Ethnic Cleansing in Bosnia Goes on Despite Cease-Fire
UN is not allowed to monitor sites where Serbs oust Muslims
OKUCANI, CROATIA — THE shaky four-month cessation of hostilities agreement in Bosnia-Herzegovina appears to have done little to slow the ``ethnic cleansing'' of thousands of Muslims and Croats from Bosnian Serb territory.
Hundreds of mostly Muslim residents of Serb-controlled areas in western Bosnia have continued to stream into Croatia this month and report that the Serb tactics of firing Muslims and Croats from their jobs, denying them medical care, and forcing men to dig trenches and lay mines along Bosnian Serb front lines continue.
The Bosnian Serbs promised in the Dec. 31 agreement to allow the positioning of United Nations human rights monitors in the northern towns of Banja Luka and Bijeljina. But three weeks after the agreement was signed, Bosnian Serbs continue to deny access to the areas, according to UN officials.
In interviews, several of the 400 newly arrived refugees living in a temporary UN holding facility here say Serb harassment and the failure of the international community to help them led them to flee Bosnia.
``You live some kind of life between a dog and man. So many times, I wished I was dead,'' says a young man, who said he was forced with 15 other Muslims from Banja Luka to spend two months digging trenches on the front line near strategic Brcko.
A man who says he was forced to work without pay in a furniture factory in Bosanska Gradiska since 1992 also bitterly criticizes the international community. ``Whatever is not Serbian doesn't have any value,'' he shouts. ``It's fascism in the 21st century. Even Hitler wasn't as bad as this. The world has to stop this.''
Fikret, a middle-aged man whose wrinkled face and hunched shoulders make him appear frail and elderly, says he was forced to spend six months working on the front lines in the Livno area.
``We didn't have a single day of rest, 18 hours per day,'' he says, as he huddles in a worn leather jacket and brown knit cap. ``In the evening ... we had to sing their songs ... I was beaten and tortured. It was like death.''
Amara Kadic, a young refugee whose brother was taken to the front line, says Muslims are systematically fired from their jobs, denied medical insurance, and harassed to the point where they feel they must leave.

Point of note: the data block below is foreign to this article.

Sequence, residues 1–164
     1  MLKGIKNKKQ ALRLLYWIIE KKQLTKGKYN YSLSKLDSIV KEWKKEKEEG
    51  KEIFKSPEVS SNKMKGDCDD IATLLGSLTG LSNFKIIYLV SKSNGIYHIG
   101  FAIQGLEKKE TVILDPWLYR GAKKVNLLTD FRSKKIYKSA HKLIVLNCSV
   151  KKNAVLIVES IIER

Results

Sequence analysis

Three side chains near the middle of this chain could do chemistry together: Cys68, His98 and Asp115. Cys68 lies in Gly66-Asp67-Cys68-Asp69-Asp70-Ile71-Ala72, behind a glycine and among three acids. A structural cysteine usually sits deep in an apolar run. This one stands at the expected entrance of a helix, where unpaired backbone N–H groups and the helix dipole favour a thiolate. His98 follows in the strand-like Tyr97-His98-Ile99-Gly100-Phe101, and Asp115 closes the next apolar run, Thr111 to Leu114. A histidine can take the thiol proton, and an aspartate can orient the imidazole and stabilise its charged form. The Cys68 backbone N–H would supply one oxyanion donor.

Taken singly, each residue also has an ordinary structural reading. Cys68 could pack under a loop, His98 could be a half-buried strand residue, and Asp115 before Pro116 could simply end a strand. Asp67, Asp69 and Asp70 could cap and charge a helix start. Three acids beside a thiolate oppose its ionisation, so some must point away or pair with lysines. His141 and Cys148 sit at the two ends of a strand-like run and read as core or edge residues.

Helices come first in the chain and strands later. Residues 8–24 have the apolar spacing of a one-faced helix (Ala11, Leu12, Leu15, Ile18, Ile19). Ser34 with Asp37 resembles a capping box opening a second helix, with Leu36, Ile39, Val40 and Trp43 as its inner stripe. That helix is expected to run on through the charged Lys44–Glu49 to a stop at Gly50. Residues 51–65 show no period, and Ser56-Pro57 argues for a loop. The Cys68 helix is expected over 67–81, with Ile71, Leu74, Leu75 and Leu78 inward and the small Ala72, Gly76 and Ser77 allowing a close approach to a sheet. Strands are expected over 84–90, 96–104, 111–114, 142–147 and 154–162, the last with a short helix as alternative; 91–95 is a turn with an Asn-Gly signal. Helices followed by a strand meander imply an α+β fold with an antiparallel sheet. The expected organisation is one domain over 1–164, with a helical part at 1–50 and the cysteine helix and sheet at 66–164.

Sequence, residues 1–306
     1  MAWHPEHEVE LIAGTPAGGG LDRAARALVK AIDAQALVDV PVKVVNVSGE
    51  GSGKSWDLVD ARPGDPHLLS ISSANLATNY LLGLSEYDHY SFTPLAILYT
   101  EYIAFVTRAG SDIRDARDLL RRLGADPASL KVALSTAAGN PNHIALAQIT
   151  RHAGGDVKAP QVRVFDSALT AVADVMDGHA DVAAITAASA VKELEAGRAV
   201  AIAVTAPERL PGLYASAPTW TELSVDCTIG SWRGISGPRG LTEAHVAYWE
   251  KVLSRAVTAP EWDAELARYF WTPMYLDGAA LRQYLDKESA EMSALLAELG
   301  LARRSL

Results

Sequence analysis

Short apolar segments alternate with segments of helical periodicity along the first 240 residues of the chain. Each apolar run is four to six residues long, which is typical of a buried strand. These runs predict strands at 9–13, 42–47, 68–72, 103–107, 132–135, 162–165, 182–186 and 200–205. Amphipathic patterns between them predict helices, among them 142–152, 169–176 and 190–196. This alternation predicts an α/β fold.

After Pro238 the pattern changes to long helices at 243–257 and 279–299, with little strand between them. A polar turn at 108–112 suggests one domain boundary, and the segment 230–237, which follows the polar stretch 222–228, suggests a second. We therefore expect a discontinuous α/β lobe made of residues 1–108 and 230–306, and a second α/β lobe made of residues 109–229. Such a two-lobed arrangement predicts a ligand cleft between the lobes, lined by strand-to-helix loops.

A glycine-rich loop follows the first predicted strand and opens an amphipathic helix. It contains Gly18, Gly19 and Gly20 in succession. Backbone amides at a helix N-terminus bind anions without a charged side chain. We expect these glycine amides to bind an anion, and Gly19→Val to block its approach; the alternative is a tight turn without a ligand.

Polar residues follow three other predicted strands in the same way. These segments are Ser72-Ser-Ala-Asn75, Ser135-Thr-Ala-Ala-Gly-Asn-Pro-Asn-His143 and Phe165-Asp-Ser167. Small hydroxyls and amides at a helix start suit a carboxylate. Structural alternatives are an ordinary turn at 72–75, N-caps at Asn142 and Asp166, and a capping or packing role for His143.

``There is no money ... the greatest problem is work,'' she says. ``We have no future there. I paid $215 to leave,'' Ms. Kadic says.
It is impossible to verify their claims, but UN officials say the stories are typical. ``It's very systematic; it's been going on since the beginning of the war,'' says Gregory Austreng, head of the UN High Commissioner for Refugees field office in the area. ``The process of cleansing has worked itself to the point where people want to leave themselves.''
According to the UNHCR officials, 6,585 people have arrived in Croatia from Banja Luka and Western Bosnia since last May. Bosnian Serb officials say the Muslims and Croats are leaving voluntarily, but aid officials disagree. ``The perpetrators of these crimes,'' says one aid official, ``have realized you really don't need to resort to physical violence to get these people to leave.''
Because far more violent and overt methods, such as alleged death camps, random abductions, and forcibly evicting Muslims in box cars were used in the early days of the war, the steady departures this year have generated little interest in the media. Reported incidents of Muslims being killed in apparent revenge for Serbs who died in the war have continued in Serb-controlled areas over the last year, but have been less systematic.
In a familiar routine, Muslims and Croats must pay the Serbian Red Cross and other private agencies masquerading as aid groups to leave. Most sign over their belongings and their homes. The ``aid'' agencies then transport the Muslims to the border, where they are picked up by the UN.
``You had all the concentration camps at the beginning of the war [in this area], and since then the story has gone on the back burner,'' Mr. Austreng says.
In the 400-square-yard camp, elderly refugees huddle inside a large tent crammed with bunk beds and space heaters. Outside, dozens of refugees ranging from farmers in ragged clothes to well-dressed professionals walk around in circles inside the barbed-wire enclosed compound to stay warm in the bitter cold.
Teenagers and children cluster in quiet groups, staring blankly at strangers. Most people seemed suspicious, edgy, and hostile, but when spoken to would only say they were happy to be out of Bosnia.
``I left only to save my, my child, and my wife's life,'' Fikret says. ``I have no papers. I have no idea what I'm going to do.''
Aid workers predict the ``soft'' ethnic cleansing will continue. ``I don't think the world has the intestinal fortitude to stop it,'' Austreng says.